Alison Blay-Palmer named UNESCO Chair in Food, Biodiversity and Sustainability

Wilfrid Laurier University Professor Alison Blay-Palmer (RUAF partner) has been named United Nations Educational, Scientific and Cultural Organization (UNESCO) Chair in Food, Biodiversity and Sustainability Studies. Led in Canada by the Canadian Commission for UNESCO, the prestigious UNESCO Chairs program promotes international inter-university cooperation in key priority areas for the agency. The chair program involves more than 781 institutions in 116 countries. It includes relatively few Canadian English-language universities, making Blay-Palmer only the fourth Ontario scholar to participate in the program.

“Professor Blay-Palmer is already recognized as a national leader in food sustainability research,” said Jonathan Newman, Laurier’s vice-president: research. “Being a UNESCO chair will help her make a global impact, ultimately helping build a more environmentally, socially and economically sustainable food system for the whole planet.”

“We are very pleased to welcome this new UNESCO chair as the 27th member of our prestigious and dynamic Canadian network,” said Sébastien Goupil, secretary-general of the Canadian Commission for UNESCO. “In addition to addressing key UN sustainable development goals relating to hunger, gender equality and climate change, its work will bridge the nature-culture nexus by bringing together Indigenous and non-Indigenous peoples. The chair’s work will tackle pressing and urgent issues relating to biodiversity, food security and sustainable development, all critical in light of the challenges humanity is currently facing.”

Blay-Palmer is founding director of the Laurier Centre for Sustainable Food Systems (LCSFS) and the Food: Locally Embedded, Globally Engaged (FLEdGE) partnership as well as a member of Laurier’s Department of Geography and Environmental Studies and School of International Policy and Governance, based at the Balsillie School of International Affairs.

“We’re supporting community-driven research that’s focused on food systems, from the way seeds are developed to the way food is composted and everything in between,” said Blay-Palmer. “We’re interested in food systems that are fair, ecologically regenerative, biodiverse, healthy and community-driven, that engage local economies and encourage citizen participation.”

As a UNESCO chairholder, Blay-Palmer plans to continue to work with the LCSFS and FLEdGE to examine food sustainability from biophysical, cultural and economic points of view. With nearly 90 partner organizations around the world, the work is already international – but the UNESCO chair will help it expand its reach, with more partners in the global south and in Indigenous communities in Canada and internationally. The work will also be connected to the United Nations Sustainable Development Goals.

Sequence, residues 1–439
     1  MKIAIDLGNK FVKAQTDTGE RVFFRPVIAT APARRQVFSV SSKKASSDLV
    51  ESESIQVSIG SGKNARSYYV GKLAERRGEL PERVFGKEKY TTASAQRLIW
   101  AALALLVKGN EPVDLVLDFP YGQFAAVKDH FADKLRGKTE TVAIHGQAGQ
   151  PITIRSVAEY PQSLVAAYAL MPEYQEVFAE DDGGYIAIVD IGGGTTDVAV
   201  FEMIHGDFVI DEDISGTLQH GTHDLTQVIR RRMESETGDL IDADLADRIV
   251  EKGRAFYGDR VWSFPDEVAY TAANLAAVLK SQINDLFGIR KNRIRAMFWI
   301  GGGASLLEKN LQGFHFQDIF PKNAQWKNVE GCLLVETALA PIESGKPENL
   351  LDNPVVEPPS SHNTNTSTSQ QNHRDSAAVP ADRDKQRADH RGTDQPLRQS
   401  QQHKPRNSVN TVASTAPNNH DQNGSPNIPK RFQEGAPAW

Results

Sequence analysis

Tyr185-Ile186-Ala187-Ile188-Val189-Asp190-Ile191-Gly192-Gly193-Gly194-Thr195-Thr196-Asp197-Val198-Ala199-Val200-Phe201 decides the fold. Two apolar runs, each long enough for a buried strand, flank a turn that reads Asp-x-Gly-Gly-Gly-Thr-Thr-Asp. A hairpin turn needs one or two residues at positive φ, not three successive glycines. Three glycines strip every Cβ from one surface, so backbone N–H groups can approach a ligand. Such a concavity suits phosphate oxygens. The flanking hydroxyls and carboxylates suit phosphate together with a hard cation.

“UNESCO chairs are more than just the chairholders,” said Blay-Palmer. “Thanks to the multiple international partnerships they generate, they’re a real platform for change.”

For her work with FLEdGE, Blay-Palmer was recently named a finalist for the prestigious Social Sciences and Humanities Research Council of Canada (SSHRC) Impact Awards, in the Partnership category. She was also named a finalist for the same national award in 2012. In 2016, she was inducted into the prestigious College of New Scholars, Artists and Scientists of the Royal Society of Canada. She was previously Centre for International Governance Innovation Chair in Sustainable Food Systems and has served as a UN expert and advisor since 2017.

“The industrial food system is producing a number of problems,” said Blay-Palmer. “There are 821 million people who are food insecure and also over two billion people who are overweight or obese. This is a health crisis. We also have a climate crisis. Up to 37 per cent of greenhouse gas emissions are tied to the current food system, depending on location. When you put these things together, it means sustainable food systems are an amazing lever for solving some of the most pressing problems we’re facing as a global society.”

A UNESCO chair term is for four years and is renewable. While funding is not directly attached to the program, it is an internationally recognized honour that helps chairholders secure grants and form connections around the world. Blay-Palmer has already been successful at attracting funding for food sustainability research. FLEdGE has received nearly $2.5 million in SSHRC funding and has raised some $3.5 million in additional funding from external sources. Much of that funding helps develop capacity – FLEdGE has so far offered more than 200 training opportunities to students in Canada and beyond.

In addition to working with partners around the world, as chairholder, Blay-Palmer will lead a number of Laurier faculty, staff and students working on food sustainability issues. Among these are Professor Edward Shizha, who researches the science of traditional knowledge in Zimbabwe; Associate Professor Jennifer Baltzer, who is Canada Research Chair in Forests and Global Change; and Adjunct Professor Andrew Spring, who is undertaking food security research in the Northwest Territories in partnership with several communities. Elena Christy, Amanda Di Battista, Jennifer Marshman, Heather Reid and Laine Young are staff and students who are also key members of the team.

“We should all have access to healthy, sustainable food that supports us and the planet,” said Blay-Palmer. “While this is a challenge, we do have the tools to make it happen. The UNESCO Chair in Food, Biodiversity and Sustainability Studies will help us achieve these goals.”

A launch event for the UNESCO Chair in Food, Biodiversity and Sustainability Studies will be held on Tuesday, Jan. 28, 2020, from 7 to 9 p.m. at the Balsillie School of International Affairs. Register at Eventbrite.

Source: Lauriers News Hub